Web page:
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February 11, 2007 at 2:40 pm #15118mommytoele
Hi there- To those who have read my story under "Sisters" by: mommytoele… I want to Thank You for doing so, and to those who left a comment… Thank You… Here is a "new" update to my story…
Please let me know what you think.
“I am a teenager who had a daughter.”
By: Nicole Kirby
Teenagers are invincible, or so we think. Later on we learn we are not. When you are a teenager, a world of fun and no responsibilities await you every morning. It is one of the best times in our lives, although, as many have learned, as I have, it can be confusing. Your adult life starts as an empty book, waiting to be filled, but it can slam shut quickly.
You see it everywhere you go. Teenage girls pushing their babies in strollers, chasing after their toddlers in the grocery stores, walking through high school halls with growing bellies. Did you know almost half of the teen girls in your community thought they were pregnant, or are pregnant? Have you ever thought of the United States to have the highest rates of teen pregnancy and births in the western developed world? Today, thirty-four percent of young women become pregnant at least once before they reach the age of 20, which is about 820,000 a year. Eight in ten of these pregnancies are unintended and 79 percent are to unmarried teens. I became one of those statistics at age fifteen.
Teen parenting isn’t easy. A teen parent must live two lives, one as a teen, and one as a parent. A teen mom faces so many more issues than an "older mom." Dealing with the day-to-day chores that involve a baby, trying to take care of a baby, and getting an education can be very demanding.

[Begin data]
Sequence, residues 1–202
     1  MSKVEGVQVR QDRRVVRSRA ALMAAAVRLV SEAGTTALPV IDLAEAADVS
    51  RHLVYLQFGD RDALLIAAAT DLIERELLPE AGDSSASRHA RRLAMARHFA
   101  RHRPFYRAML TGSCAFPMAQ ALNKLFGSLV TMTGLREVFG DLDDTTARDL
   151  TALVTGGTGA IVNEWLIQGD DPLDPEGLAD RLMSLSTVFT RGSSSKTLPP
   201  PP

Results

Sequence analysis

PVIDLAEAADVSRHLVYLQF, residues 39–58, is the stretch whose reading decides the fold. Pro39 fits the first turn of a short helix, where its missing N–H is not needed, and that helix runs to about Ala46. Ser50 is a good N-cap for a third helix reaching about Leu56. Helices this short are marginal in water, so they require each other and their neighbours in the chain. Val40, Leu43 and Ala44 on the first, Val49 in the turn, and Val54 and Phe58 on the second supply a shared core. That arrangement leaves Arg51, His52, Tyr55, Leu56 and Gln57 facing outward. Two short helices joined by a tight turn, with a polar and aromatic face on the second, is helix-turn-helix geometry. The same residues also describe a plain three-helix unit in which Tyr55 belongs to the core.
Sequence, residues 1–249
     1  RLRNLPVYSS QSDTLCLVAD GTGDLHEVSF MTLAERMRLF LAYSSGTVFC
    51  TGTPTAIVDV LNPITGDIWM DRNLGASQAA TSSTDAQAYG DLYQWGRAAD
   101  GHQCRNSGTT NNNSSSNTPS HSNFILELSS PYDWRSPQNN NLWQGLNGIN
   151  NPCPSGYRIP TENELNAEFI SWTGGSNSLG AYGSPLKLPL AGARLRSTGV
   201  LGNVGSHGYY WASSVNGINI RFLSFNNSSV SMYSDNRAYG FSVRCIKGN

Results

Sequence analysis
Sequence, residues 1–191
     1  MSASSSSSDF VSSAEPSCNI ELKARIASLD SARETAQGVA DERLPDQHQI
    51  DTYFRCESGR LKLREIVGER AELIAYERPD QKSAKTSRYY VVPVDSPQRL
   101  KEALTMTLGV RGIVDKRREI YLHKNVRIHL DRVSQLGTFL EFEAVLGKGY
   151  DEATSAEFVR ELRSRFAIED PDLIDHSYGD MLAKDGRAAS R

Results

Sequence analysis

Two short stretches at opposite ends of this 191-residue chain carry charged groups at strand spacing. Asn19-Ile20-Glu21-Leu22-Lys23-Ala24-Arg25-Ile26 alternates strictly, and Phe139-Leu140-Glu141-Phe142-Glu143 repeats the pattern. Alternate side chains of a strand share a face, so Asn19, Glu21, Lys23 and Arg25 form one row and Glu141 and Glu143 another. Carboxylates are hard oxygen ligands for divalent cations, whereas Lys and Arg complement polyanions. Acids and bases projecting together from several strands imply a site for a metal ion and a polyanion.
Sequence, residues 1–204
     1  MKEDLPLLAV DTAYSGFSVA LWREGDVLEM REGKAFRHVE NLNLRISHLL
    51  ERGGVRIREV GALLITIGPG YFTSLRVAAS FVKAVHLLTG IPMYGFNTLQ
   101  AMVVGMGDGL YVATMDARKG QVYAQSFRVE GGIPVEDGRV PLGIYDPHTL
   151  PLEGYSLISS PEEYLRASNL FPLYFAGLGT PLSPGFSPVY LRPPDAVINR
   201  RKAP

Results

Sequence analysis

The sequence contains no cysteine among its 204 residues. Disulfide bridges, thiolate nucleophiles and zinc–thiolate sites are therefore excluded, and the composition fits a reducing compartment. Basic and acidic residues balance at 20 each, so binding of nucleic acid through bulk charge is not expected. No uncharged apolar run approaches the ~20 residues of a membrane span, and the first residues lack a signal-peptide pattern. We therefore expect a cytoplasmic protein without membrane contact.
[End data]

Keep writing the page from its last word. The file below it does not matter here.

Going places isn’t the same. Before, I would spend all my time getting myself ready, but now that I have a baby, how I look doesn’t matter anymore.
Trying to go to school, raise a baby, and still grow up, is not easy. A teen mom faces more than just the bills and the baby. She often deals with becoming stereotypical in the eyes of those around her. That includes strangers, friends, and even family. Many teenagers don’t want to acknowledge the fact that it only takes once to get pregnant.
When I am in school, you might it’s an easy "get away", but deep down I miss my daughter more each time I leave her. Being the talk around town often hurts. Closer to home, teen moms have to deal with relationship problems. Boyfriends of any type tend to drop out of the "picture," or promise to be around only to disappear later. Often, teen moms will realize he isn’t the best person in the world to be a dad, boyfriend, or husband. Child support is a problem, since most young dads are still in school or not making very much money. There are some great teen dads out there, but unfortunately, they are rare.
Did you know that every hour, 52 teen girls become pregnant? I didn’t until I got pregnant, and I didn’t realize how big the pressure of meeting the needs of a child would be when I became pregnant at the age of fifteen. My family didn’t want to accept it, as any family would have a hard time dealing with their fifteen-year-old being pregnant. I had a wonderful pregnancy, and for a while my boyfriend supported me. I gave birth after thirty hours of labor, to a healthy 8 lbs. 1 o.z. daughter, ‘Elizebeth’. She had ten toes and fingers. She was prefect, and I thought my life was too. It was the most painful thing I have ever experienced, but everything has a way of turning out in the end, and she is definitely worth it.
The hospital stay and the first week with Elizebeth felt great. I never felt more loved by Elizebeth’s father, and never felt more like a family. But that all changed, Elizebeth’s father and I no longer could stay together. I’ve been part of the court system as of August 2004. I have been through court for custody, visitation, and child support.
Court laws can be very stressful and they are not as helpful as I thought they would be. Just because you think something is wrong or right doesn’t mean that the court system is going to agree with it. However, you have to do what’s right for your child. Now, could you imagine spending thousands of dollars on a lawyer, and going back and forth to court, and trying to find time on top of everything else, still being a teenager?